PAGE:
John Oliver encryption video

John Oliver encryption video. This is a brilliant argument and video from John Oliver. It does have some errors but it provides thoughtful analysis of the Apple encryption debate.

Certainly there is not an easy answer to this debate. If there were then someone would have proposed a solution. When the system is based on no access, giving access is of course problematic. It is unfortunate that some crimes may never be learned through the iPhone but perhaps they will get solved in some other way.

If encryption were controlled and were essentially bio-metric that would be a method around this problem. If for example, our eye print or fingerprint plus something else could be used then this would be a dead debate. I can’t imagine what else that thing could be. Maybe a relaxed brain wave pattern? Like how your brain looks when you think of someone you love for example? That should be unique and reproduce-able. Making a device that is easy for people of all skills levels and intelligence is quite a challenge. It is really remarkable that there isn’t more hacking and crime with the current system.

I guess what bothers me most in this entire debate is the polarization of both sides. Both sides are guilty of not completely truthful statements. The government for example says that Apple could destroy the code once it was used, which isn’t going to happen. Apple says that giving access is opening a Pandoras box. Certainly true, but there has to be a way to address the criminal element in any technology as well. Apple should come up with way to detect illegal use and automatically shut it down. Apple and other businesses profit from criminal use, and this should not be allowed.

Why can I say that? It is common for gangs and other organizations to steal and resell iPhones/apple equipment overseas. The current system allows them to do this. When my own iPhone was stolen I have no doubt that it ended up overseas. It is simple greed that kept the wireless carrier and Apple from preventing that. They could have easily made a system when a phone is taken out of the country from an account that has never traveled before. For those people who do travel with their phone a simple notification and password check would allow them to use it overseas. This is not rocket science, but Apple/Wireless carriers would rather sell a new phone then protect owners who purchase a phone.

Too many times business say they are not in the business of enforcing the law. They make it an excuse even if they have laws regulating them. They blame rogue workers, when it is the system that contributes to this. There is no reason why criminals can’t be identified in a way that preserves peoples rights and our privacy. Apple may not be responsible for crime, but they are responsible for setting up a system that profits from it.

Guy defends his car worth $500 and loses two toes

Guy defends his car worth $500 and loses two toesGuy defends his car worth $500 and loses two toes. People make interesting choices don’t they? This guy defends his older Passat worth $500 and loses two toes.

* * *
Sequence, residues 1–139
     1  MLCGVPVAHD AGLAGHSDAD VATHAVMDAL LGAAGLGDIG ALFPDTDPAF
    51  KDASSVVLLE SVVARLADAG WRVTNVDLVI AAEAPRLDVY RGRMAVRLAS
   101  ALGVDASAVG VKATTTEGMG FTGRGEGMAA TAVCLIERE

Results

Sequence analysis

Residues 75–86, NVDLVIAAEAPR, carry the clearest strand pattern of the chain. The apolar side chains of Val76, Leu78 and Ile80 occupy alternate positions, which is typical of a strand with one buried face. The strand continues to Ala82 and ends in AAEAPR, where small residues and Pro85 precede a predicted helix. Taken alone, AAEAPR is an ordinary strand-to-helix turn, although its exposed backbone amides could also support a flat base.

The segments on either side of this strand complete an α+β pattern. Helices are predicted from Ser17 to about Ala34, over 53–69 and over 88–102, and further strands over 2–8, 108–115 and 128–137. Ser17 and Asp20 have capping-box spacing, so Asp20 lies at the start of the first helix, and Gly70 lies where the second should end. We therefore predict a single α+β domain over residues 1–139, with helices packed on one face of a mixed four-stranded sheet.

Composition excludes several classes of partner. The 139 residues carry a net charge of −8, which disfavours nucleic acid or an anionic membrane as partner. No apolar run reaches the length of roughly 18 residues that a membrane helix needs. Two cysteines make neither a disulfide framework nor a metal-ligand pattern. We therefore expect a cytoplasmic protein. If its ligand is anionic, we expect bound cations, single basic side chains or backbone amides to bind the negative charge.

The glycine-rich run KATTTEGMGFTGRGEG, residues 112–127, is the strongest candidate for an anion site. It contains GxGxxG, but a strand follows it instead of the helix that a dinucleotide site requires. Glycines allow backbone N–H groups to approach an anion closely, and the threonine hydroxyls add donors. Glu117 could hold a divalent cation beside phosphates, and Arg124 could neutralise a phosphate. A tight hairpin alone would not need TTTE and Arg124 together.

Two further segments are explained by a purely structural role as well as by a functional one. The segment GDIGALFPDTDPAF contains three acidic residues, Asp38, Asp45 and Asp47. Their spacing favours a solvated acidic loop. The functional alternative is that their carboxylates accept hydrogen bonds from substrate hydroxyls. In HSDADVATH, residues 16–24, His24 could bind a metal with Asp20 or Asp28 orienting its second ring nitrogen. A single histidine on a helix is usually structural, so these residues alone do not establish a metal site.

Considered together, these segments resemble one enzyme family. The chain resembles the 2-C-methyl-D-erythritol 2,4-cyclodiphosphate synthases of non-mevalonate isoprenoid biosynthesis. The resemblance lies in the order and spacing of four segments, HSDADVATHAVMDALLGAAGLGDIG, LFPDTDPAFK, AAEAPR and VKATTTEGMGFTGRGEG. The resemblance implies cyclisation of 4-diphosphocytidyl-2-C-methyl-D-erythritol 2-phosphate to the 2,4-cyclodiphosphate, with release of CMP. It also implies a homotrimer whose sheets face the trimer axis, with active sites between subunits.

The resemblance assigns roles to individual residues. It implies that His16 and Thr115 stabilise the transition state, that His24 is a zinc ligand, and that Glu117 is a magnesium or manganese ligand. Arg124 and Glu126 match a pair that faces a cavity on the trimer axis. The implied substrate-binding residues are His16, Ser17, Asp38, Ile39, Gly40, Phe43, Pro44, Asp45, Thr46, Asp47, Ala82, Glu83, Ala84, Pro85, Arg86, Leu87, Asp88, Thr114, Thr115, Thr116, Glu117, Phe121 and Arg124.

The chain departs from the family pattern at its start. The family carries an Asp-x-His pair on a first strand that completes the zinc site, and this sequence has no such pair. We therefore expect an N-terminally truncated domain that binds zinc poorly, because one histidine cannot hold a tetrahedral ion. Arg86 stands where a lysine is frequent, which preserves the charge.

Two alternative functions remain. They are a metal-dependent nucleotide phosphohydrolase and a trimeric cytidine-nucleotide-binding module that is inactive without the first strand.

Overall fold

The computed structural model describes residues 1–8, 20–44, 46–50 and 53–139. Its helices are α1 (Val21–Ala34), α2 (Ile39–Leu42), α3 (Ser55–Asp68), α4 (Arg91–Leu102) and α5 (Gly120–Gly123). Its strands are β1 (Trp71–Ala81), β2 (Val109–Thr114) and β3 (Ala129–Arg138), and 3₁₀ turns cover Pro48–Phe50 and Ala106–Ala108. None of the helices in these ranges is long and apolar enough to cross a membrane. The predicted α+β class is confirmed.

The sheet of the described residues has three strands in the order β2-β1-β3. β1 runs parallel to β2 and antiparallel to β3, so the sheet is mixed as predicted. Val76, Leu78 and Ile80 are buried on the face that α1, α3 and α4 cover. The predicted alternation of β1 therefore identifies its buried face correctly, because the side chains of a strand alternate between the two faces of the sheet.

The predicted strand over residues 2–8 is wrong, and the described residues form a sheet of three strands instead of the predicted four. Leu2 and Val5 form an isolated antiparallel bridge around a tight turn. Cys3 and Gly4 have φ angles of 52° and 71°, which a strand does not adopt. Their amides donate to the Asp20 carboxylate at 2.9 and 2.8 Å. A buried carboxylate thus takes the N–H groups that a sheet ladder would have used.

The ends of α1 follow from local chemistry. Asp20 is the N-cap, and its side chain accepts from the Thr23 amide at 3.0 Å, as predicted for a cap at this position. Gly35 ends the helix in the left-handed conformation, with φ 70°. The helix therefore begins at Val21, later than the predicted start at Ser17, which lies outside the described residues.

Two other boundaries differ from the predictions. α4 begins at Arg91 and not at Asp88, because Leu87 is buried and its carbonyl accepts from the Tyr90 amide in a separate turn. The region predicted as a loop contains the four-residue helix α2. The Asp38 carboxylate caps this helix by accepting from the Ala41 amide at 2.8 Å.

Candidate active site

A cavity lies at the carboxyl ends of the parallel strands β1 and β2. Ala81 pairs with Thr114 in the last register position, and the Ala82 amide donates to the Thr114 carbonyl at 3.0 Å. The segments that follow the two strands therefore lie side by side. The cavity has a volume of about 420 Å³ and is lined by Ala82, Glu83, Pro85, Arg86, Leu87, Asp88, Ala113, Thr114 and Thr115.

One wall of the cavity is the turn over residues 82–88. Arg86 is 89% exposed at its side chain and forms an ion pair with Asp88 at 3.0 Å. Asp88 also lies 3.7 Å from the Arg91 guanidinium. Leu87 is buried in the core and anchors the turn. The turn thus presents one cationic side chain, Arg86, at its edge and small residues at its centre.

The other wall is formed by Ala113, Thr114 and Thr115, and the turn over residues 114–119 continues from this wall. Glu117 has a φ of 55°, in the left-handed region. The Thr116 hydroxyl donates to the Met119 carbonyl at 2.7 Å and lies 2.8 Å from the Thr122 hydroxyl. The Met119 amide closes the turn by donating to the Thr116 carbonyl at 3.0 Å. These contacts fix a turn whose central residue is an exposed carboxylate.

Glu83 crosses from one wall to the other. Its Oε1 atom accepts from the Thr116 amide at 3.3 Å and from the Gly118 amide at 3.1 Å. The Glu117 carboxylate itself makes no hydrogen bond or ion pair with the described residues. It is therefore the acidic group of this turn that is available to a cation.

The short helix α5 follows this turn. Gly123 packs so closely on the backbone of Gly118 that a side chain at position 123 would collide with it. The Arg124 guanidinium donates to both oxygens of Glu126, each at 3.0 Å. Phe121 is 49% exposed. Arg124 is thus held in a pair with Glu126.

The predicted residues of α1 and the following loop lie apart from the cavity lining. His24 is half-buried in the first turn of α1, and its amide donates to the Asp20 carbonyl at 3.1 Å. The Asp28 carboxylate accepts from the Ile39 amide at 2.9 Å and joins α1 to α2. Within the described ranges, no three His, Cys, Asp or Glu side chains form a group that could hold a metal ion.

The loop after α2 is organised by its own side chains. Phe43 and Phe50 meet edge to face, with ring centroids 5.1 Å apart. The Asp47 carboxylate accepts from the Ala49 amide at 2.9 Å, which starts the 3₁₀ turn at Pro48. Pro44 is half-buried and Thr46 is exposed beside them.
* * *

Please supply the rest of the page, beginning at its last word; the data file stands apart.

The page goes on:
He put his life in danger, the life of others in danger, and damaged his almost worthless car. In addition he says it’s because of the principle of the thing.

I am not judging him or his choices in life. It is his choice what he wants to do. What is interesting is when people make impulse choices and don’t consider the possible consequences. I knew long ago that if anyone ever threatened me, they could have whatever I had. I would never defend anything that I have if someone wanted it. I have been the victim of a grab and run where someone took my iPhone and aside from surprise I felt sorry for the person who stole from me. It was a minority and maybe he didn’t have food or was in a bad situation.

Don’t misunderstand. I am not excusing crime. Everyone has the burden of their choices and the consequences. What I am exploring is that when people make choices often the consequences are surprising and disastrous.

For example, people often do things that their IT team asks them not to do. Many companies test their software to work with a certain version of windows, and they standardize on that version. Anything outside of that version isn’t supported because it may not work. Too often, people think that computer things are simple, and that they can upgrade the software. So end-users upgrade the software, and then things stop working. Then it costs money for the company to fix the software back to its original condition.

This not listening to IT is pretty constant at every company I’ve worked at. I think people like to break software just to see if they can use it the same way they do their computer at home. Or they think that the limitations that IT have proposed is arbitrary or for some reason that prevents them from being efficient. It’s a distrust of IT I think that causes users to challenge the way things are done.

Of course things can always be improved in IT, and it requires teamwork for that to happen.

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